Death of a Salesman is an excellent example of how tragedy can begin at any point within a story; even though it may seem that everything was going well for Willy up until Howard Wagner fired him, this is not true. He already had plans in place to commit suicide before anyone called him into the office: “I wouldn’t be surprised if I didn’t go crazy. We start out in the spring feeling good as new, and by the end of the year we’re all finished. We sit around and think about dying, dying… Death of a Salesman is not only an excellent example of tragedy, but also because it shows how man can be destroyed by his own actions.

How Death of a Salesman follows the criteria to be considered “tragic”: Death occurs (Willy Loman’s death) – Willy has always had something missing up here; he wanted respect from others. He was told this several times throughout the play, but failed to see it until Howard Wagner fired him (he was afraid that everything in his life would fall apart once he was no longer allowed to work). Death occurs as a result of someone’s character flaw or error in judgment (Willy’s Death) – Death of a Salesman was not all about Willy, but also his sons.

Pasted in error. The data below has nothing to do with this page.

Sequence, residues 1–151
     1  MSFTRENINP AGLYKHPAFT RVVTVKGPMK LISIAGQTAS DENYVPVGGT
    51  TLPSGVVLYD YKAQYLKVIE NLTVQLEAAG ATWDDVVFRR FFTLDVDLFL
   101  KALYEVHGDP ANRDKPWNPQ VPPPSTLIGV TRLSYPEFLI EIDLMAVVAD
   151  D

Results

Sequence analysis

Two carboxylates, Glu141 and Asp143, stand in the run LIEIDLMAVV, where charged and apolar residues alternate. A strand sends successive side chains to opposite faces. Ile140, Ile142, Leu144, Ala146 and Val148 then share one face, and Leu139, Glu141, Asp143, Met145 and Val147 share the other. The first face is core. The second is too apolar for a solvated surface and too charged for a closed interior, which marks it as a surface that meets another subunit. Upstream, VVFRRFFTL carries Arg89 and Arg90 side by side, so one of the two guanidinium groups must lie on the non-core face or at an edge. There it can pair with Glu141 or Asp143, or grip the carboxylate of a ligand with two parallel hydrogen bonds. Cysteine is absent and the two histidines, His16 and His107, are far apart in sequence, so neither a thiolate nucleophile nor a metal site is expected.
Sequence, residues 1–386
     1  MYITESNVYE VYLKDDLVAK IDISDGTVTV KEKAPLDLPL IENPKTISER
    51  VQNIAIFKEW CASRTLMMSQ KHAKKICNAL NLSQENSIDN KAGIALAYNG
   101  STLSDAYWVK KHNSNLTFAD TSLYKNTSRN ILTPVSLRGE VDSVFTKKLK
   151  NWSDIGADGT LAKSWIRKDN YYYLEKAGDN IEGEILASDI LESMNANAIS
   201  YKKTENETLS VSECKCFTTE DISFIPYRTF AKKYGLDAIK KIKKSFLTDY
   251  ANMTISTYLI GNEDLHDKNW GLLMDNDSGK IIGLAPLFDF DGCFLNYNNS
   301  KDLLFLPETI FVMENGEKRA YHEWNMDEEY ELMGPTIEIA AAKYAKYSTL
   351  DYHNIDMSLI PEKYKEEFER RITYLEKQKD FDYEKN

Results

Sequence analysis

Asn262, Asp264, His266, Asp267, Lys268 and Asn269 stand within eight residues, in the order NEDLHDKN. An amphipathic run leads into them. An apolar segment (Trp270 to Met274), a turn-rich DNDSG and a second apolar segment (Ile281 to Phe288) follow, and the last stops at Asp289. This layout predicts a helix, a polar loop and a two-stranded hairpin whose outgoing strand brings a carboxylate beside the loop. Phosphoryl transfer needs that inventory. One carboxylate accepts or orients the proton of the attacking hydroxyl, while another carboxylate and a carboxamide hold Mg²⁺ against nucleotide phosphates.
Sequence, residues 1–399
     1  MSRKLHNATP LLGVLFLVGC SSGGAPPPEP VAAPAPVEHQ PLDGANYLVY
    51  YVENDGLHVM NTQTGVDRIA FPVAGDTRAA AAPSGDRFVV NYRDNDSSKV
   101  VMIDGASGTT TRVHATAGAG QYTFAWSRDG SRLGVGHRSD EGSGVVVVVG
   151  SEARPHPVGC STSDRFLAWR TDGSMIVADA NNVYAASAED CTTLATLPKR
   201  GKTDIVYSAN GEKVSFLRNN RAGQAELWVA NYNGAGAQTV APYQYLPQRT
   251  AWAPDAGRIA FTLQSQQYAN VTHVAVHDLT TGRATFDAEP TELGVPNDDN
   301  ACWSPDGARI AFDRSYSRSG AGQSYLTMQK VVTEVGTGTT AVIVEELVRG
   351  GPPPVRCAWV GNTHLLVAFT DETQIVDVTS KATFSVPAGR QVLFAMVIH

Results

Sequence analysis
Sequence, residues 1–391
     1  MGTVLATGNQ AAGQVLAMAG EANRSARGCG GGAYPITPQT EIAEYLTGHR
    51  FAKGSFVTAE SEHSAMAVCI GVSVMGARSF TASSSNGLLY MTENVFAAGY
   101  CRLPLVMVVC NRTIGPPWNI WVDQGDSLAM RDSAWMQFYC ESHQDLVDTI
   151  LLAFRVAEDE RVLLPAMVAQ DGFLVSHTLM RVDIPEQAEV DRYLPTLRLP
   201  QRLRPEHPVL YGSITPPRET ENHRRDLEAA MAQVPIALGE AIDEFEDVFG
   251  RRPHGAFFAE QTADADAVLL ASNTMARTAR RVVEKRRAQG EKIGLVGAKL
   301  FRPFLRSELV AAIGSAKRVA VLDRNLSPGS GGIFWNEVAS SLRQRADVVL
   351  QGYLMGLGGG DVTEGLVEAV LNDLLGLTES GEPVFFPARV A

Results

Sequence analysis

Biff and Happy were out to fulfill their dreams, while their father had always held them back. Death occurs due to the tragic hero’s own character flaws (Willy’s Death) – The protagonist is responsible for what went wrong in the play; he did nothing right by trying to better himself at work. Death occurs unexpectedly or abruptly (Willy Loman’s Death) – There are several ways that the death could have occurred; it happens when Willy finds out about everything that has gone wrong with his life because of his mistakes.

Death sets the tone for events later in the play (Willy Loman’s Death) Death is followed by a reversal of fortune for the survivors (Willy Loman’s Death) Death provides instant consequences or reactions from other characters in the play (Willy Loman’s Death) Death reminds us of an important lesson, theme, or message within the story (Willy Loman’s Death). If death occurred at the end of the story instead of at its beginning, would this make Death of a Salesman more tragic? Why or why not? : No. Tragedy can occur any time during a piece of writing; just because it happens closer to the end does not change that fact.